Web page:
The mysterious death of a giant rabbit on a United Airlines flight has highlighted the potential dangers of traveling with pets.
Simon, a 3-foot-long Continental Giant Rabbit, had been bought from his British breeder by a group of investors who had hoped to enter him into a “world’s largest rabbit” contest at the Iowa State Fair.
But Simon didn’t survive to receive the honor, as he died during the trip after the London-to-Chicago flight in April. Lawyers for Simon’s new owners allege Simon was somehow placed in a freezer for 16 hours, then his body cremated without the owners’ consent in a bid to destroy the evidence surrounding his death. United has disputed that version of events, however, and the case is making its way through the court system.
It’s the latest in a spate of bad news for United and the airline industry in general. United is still reeling from the backlash after a man was forcibly removed from his seat after refusing to give up the seat for an airline employee and for the now-infamous “leggings” incident. Hardly a day goes by without some new scandal affecting not only United, but other airlines as well.
While we may never know the exact chain of events that led to Simon’s death, it does highlight the risk people take when flying their pets. According to the U.S. Department of Transportation, of the more than 2 million pets transported in the U.S. on planes each year since 2005, airlines have reported more than 300 incidents of pets dying in cargo holds. Many more animals are injured or lost during travel, as well.
The DOT requires all airlines to provide a pressurized cargo hold for transporting animals, but some airlines won’t transport pets in the cargo hold. Often, holds are subject to extremes of temperature, noise and stressful situations. The DOT’s website publishes monthly reports of animal-related incidents at https://www.transportation.gov/airconsumer/air-travel-consumer-reports.
The cause of the animal’s death (if known) is listed on the reports. In many cases, baggage handlers found the animals “unresponsive” after a flight, but it’s difficult to say whether the deaths had anything to do with the conditions in the cargo hold or some other factor. In some cases, animals escaped their carriers and were hit by baggage “tugs” or other vehicles on the busy tarmac, or in other cases, were attacked by other animals or died of causes unrelated to the trip (such as heart disease or stroke).
Short-nosed dogs were particularly susceptible to deaths on planes, accounting for more than half. Dogs such as bulldogs, boxers and pugs can have particular respiratory problems, which can be worsened in a tight cargo hold with little ventilation. The American Veterinary Medical Assocation has a page on its website with advice on this issue at https://www.avma.org/public/PetCare/Pages/Short-nosed-Dogs-and-Air-Travel-FAQs.aspx.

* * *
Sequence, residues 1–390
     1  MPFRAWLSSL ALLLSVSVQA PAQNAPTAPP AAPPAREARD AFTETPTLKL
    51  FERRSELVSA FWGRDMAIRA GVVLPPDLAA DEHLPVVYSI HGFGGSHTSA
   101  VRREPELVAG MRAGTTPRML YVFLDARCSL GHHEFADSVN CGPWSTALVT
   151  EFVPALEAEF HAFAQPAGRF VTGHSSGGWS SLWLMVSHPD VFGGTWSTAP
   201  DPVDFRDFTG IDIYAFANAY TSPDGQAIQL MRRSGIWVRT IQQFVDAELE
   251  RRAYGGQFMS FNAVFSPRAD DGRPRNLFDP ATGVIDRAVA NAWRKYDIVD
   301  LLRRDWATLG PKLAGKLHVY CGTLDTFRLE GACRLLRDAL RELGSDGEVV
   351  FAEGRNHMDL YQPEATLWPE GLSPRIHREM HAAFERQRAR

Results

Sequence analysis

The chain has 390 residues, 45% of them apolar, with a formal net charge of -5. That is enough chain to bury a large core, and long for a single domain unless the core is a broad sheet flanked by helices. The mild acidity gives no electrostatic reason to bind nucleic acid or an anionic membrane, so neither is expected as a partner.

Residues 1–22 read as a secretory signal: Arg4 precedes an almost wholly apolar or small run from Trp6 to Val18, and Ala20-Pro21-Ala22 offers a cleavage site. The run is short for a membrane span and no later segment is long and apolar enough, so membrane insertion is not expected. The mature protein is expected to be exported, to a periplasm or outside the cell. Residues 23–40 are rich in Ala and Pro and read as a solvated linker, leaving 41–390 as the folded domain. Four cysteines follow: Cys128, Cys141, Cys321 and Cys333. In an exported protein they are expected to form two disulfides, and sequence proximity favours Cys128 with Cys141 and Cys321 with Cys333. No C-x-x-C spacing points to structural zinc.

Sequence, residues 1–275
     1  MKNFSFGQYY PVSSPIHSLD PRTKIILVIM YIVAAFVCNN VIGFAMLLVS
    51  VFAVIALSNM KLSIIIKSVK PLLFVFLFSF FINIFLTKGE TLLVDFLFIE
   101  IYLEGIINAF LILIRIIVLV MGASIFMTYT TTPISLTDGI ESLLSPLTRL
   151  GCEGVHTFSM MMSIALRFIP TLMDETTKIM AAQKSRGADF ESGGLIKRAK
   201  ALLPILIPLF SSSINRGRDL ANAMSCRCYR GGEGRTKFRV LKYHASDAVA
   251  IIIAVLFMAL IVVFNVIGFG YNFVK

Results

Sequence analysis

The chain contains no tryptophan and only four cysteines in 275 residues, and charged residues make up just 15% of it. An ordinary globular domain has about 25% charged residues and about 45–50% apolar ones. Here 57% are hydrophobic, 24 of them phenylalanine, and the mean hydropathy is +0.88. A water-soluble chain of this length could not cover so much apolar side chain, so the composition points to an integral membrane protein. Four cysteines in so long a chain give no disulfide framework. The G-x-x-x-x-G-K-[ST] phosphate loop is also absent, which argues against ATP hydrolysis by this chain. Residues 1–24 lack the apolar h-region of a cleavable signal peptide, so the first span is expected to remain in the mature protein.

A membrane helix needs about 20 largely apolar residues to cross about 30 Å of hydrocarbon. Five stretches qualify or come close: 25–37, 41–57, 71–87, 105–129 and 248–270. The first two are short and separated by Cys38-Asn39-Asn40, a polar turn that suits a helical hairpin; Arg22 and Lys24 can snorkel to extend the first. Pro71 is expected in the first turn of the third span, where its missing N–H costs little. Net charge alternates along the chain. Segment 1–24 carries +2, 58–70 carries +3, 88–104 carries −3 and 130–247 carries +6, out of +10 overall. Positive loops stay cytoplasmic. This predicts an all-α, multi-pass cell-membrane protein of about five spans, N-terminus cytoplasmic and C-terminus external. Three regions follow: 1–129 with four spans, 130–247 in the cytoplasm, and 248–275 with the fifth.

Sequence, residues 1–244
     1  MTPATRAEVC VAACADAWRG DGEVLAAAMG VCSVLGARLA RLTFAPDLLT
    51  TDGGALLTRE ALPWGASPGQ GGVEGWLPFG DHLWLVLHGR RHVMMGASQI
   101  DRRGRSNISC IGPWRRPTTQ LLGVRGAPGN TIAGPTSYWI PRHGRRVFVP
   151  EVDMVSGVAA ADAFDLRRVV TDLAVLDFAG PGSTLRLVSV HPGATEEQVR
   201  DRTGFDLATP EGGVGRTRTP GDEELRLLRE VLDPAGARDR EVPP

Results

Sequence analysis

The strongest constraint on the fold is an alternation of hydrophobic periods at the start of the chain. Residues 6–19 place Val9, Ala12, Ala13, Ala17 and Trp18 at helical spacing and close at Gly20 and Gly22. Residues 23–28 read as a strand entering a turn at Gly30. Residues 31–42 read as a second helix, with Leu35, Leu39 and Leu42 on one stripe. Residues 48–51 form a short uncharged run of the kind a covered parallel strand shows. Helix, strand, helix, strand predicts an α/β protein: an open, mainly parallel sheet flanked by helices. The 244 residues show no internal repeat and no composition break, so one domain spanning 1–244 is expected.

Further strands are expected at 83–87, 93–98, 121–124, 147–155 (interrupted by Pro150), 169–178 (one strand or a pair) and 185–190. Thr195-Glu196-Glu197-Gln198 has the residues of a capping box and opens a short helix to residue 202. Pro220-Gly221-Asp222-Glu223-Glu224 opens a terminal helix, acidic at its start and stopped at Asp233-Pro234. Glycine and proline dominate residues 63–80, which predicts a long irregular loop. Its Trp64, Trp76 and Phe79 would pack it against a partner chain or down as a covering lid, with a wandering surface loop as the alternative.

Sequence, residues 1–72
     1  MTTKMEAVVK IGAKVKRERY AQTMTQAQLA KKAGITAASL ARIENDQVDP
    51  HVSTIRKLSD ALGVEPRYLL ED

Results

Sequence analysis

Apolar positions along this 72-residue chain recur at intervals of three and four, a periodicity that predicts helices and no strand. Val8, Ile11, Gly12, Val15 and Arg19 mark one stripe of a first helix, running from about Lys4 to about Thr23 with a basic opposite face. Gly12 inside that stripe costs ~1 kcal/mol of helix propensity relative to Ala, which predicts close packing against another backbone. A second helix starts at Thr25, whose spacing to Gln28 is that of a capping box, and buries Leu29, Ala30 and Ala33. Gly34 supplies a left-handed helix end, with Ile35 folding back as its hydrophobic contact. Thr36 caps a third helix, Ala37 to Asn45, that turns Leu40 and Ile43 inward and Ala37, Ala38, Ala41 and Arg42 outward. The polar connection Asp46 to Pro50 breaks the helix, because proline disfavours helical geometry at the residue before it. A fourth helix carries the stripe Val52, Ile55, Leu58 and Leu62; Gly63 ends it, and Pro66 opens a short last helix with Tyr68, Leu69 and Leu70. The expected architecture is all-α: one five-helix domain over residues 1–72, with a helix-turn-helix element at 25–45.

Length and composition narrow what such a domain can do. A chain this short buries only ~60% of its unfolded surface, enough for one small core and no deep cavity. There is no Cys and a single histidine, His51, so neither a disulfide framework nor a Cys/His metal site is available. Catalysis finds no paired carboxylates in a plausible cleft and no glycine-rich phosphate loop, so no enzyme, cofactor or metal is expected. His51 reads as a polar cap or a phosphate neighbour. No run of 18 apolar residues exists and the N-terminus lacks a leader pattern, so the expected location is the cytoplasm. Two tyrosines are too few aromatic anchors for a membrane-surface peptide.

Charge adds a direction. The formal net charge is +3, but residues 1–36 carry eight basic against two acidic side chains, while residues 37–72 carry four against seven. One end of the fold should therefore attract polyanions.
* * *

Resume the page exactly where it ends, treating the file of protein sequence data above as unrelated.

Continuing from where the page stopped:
If you plan to travel with your pet, it’s a good idea to check with your veterinarian. He or she can help answer questions about travel and may be able to help with ways to make travel less stressful for your pet. In addition, the DOT has some additional tips on its website at https://www.transportation.gov/airconsumer/plane-talk-traveling-animals:
- Before traveling, accustom your pet to the kennel in which it will be shipped. Make sure the door latches securely.
- Don’t give your pet solid food in the six hours prior to the flight, although a moderate amount of water and a walk before and after the flight are advised.
- Don’t administer sedation to your pet without the approval of a veterinarian and provide a test dose before the trip to gauge how the pet will react.
- Be sure to reserve a space for your pet in advance and inquire about time and location for drop-off and pick-up.
- Try to schedule a non-stop flight; avoid connections and the heavy traffic of a holiday or weekend flight.
- When you board, try to tell a pilot and a flight attendant that there is a pet in the cargo hold. The airlines have a system for providing such notification, but it doesn’t hurt to mention it yourself.
- For overseas travel (including Hawaii), inquire about any special health requirements such as quarantine.
- Write your name, address and phone number on the kennel, and make sure your pet is wearing a tag with the same information. Consider purchasing a temporary tag showing your destination address and phone number. Bring a photo of your pet, in case it is lost.